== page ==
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the investment in rail. We all welcome that, but the issue is not an either/or. It is not all right to say that we can have part of the hub. If the whole north—the north-west, Yorkshire and Humberside, and the north-east—is to benefit, the whole hub must be developed. I am worried that the approach will be piecemeal.

As hon. Members have said, we need connectivity between our great cities, and the ability to travel across the country. We must consider the cost of having so much road traffic because rail travel is not adequate. As some of us have been saying for some time, it is quicker to drive from Manchester to Leeds than to take the train. It is quicker to drive from Milton Keynes to Leeds than to take the train. That is ludicrous, and we need the project to alter that. Like every hon. Member in the Chamber, I plead with the Minister to fund the northern hub in full, so that we will have rail connectivity between our great cities and receive the investment the north so badly needs.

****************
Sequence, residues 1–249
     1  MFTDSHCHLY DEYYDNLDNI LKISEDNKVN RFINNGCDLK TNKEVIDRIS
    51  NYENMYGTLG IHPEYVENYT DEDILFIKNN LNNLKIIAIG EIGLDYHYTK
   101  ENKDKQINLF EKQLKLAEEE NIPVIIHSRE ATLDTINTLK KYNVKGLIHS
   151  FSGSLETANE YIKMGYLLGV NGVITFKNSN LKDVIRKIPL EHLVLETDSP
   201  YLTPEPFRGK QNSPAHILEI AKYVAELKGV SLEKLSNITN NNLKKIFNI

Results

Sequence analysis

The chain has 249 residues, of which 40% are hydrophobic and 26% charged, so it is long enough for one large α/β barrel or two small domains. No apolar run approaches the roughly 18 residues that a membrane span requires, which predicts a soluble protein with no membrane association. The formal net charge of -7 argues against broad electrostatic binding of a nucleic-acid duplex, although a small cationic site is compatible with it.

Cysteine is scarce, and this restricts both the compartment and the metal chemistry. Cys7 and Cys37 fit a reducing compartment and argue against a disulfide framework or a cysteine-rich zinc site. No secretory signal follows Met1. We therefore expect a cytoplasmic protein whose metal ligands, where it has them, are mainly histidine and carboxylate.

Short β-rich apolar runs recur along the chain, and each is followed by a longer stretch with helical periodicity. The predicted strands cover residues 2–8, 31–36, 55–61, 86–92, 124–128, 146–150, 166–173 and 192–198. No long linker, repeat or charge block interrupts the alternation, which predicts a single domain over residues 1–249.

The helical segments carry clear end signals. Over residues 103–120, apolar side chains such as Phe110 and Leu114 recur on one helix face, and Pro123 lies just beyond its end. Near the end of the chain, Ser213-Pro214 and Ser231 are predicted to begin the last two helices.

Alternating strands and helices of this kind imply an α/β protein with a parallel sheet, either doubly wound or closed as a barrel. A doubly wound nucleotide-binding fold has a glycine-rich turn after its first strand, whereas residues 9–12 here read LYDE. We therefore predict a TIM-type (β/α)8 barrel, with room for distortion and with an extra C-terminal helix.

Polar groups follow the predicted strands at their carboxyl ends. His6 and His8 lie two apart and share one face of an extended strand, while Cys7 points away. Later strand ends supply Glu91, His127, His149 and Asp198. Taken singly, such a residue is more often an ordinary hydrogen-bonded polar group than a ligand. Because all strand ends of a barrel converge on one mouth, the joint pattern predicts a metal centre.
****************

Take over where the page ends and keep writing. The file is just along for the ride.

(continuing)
3.46 pm

Rosie Cooper (West Lancashire) (Lab): It is a pleasure, Mr Hood, to have the opportunity to serve under your chairmanship today. I congratulate the hon. Member for Colne Valley (Jason McCartney) on securing this important debate. It is even more important following the recent announcement to give the go-ahead to High Speed 2. That announcement is a signal of just how important investment in high-speed, efficient rail services is for the future growth of our national and regional economies. I absolutely support the northern hub as an important strategic investment and opportunity.